I remember the moment that Lucien is in the café while he is taking Florence’s Memoroxin, and his consciousness is so far infiltrated with Florence’s memories and perspective that he sees himself differently in the present too. I just thought to myself, finally, a moment where a man understands what it can be like to walk around as a woman. It feels like a gift, even though he is suffering, addicted to Mem and losing himself.

I always like to say, “walk a mile in someone’s shoes,” and I think it would be really fascinating for anyone to be in the body of someone that’s different from how they identify. Sophie, at one point experiences a similar thing when she takes another pill and experiences sex from the opposite gender. We’ll never have access to understanding something so intimate from another perspective. And yet, how mind blowing that would be to have a glimpse of that? There’s the quote at the beginning of the book, “The only true voyage, the only bath in the Fountain of Youth, would be not to visit strange lands but to possess other eyes.” At some point, Ray Delaney alludes to that we’ve seen everything, but the only thing we haven’t seen is what it’s like to be someone else. I think that’s something is so relevant today. So many people are struggling with mental health, and it doesn’t matter if you seem to have everything, if there is something you’re really struggling with, there’s no escape from it. Going on a vacation is not going to take you out of your own mind or your own pain. And I think that’s, for example, what Lucien feels. It’s the desperation to get out of the loop that you keep playing in your head. And I think that is something that draws people traditionally to drugs as well. But Mem is the added experience of understanding someone else’s narrative or their story for a moment outside of yourself.

You invented a reality that’s just ever so slightly futuristic, with additions like ‘Drivr’ and other Virtual Reality features into the mix of what is already familiar to us, alongside the threat of climate change with fires and mudslides. Why did you decide to write in this ‘present adjacent’ reality, using present tense and multiple timelines?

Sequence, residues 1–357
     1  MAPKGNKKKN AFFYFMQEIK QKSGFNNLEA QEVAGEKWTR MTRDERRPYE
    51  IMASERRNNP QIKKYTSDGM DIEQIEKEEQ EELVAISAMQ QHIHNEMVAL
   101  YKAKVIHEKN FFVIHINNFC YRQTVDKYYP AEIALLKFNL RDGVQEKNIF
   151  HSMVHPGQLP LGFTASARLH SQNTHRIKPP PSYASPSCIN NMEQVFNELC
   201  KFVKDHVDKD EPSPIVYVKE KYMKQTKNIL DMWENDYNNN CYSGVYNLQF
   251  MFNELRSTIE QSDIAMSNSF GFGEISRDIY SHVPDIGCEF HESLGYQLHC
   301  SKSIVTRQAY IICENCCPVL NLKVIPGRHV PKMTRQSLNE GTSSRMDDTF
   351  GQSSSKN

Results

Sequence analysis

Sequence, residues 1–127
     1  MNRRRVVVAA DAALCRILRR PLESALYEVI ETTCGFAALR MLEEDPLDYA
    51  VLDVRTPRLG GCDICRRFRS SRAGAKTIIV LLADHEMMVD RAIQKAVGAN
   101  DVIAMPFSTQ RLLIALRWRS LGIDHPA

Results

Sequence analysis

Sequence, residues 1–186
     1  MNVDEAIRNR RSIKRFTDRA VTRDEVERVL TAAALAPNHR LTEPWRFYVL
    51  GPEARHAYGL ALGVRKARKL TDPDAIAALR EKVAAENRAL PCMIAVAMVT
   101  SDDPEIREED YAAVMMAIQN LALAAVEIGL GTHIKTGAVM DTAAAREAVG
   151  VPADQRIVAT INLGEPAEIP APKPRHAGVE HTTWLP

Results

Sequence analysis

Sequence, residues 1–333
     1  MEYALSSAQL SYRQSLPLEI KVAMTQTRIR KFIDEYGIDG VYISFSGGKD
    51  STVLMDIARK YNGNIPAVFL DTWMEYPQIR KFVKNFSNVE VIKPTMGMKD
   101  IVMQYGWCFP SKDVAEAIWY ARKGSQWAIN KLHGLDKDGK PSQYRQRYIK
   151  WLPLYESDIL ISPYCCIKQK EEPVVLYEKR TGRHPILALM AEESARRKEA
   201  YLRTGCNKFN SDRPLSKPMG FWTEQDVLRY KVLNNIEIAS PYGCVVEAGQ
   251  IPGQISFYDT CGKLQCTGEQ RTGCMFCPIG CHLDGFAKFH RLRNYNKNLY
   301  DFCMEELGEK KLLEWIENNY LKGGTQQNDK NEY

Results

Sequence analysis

I started the book when I was living in LA for a year, and then actually wrote most of it when I was back in New York. But I moved back to LA for a few years before the pandemic, and that was when the wildfires were starting to encroach more than ever on LA. And of course, every year now they have gotten more intense and closer in the city. I remember when I was first there, I was so unsettled by the wildfires, the smoke in the air and seeing ash on your car in the morning or the windowsill, like a layer of black soot. Knowing that that’s in the air and it’s people’s couches, its cars, it’s things burning, not just a bonfire or something. It is upsetting to imagine people’s homes burning, that they’re losing everything, but also to imagine the toxins. I was so unsettled by that. I just remember people that I knew in LA were sort of, like, “it never comes into the city, it’s just kind of a part of just that wildfire season.” I find that so at odds with the other environment in LA, which is the wellness focused and organic lifestyle that is in such contrast. This really informed the revision of the book, and I let that sort of permeate the atmosphere of the book. And I finished the first full draft of the book in 2016 before the 2016 election. The character Ray Delaney became relevant to the Me Too movement, but he was already a bad character in the book. These feelings of dread and power being wielded in dangerous ways just permeated the book in a lot of ways that were not even necessarily intentional. I was riding through feelings of fear and anger over these things. And in terms of the driverless Uber and the VR, I found that inserting something like Drivr as an element in the background was a way to invite people into accepting Memoroxin as something that exists, just like this driverless Uber that might be on the horizon too. A friend of mine, when she read the book, she was like, “I didn’t know they had driverless Uber in LA,” she thought that Drivr was real. The more you insert these little leaps of something that feels like it could already be here, the more likely people are to take that leap to accept Memoroxin. And so much originates in California, so that was always part of the idea that LA would be the start of something that maybe you haven’t heard about in the Midwest or in New York, because it hasn’t made its way over yet. But eventually, most things do kind of come this way.

The idea of a New Yorker that has been transplanted to LA is central to the novel. How does your own experience fit into that as a Brooklynite writing about the West Coast after living there?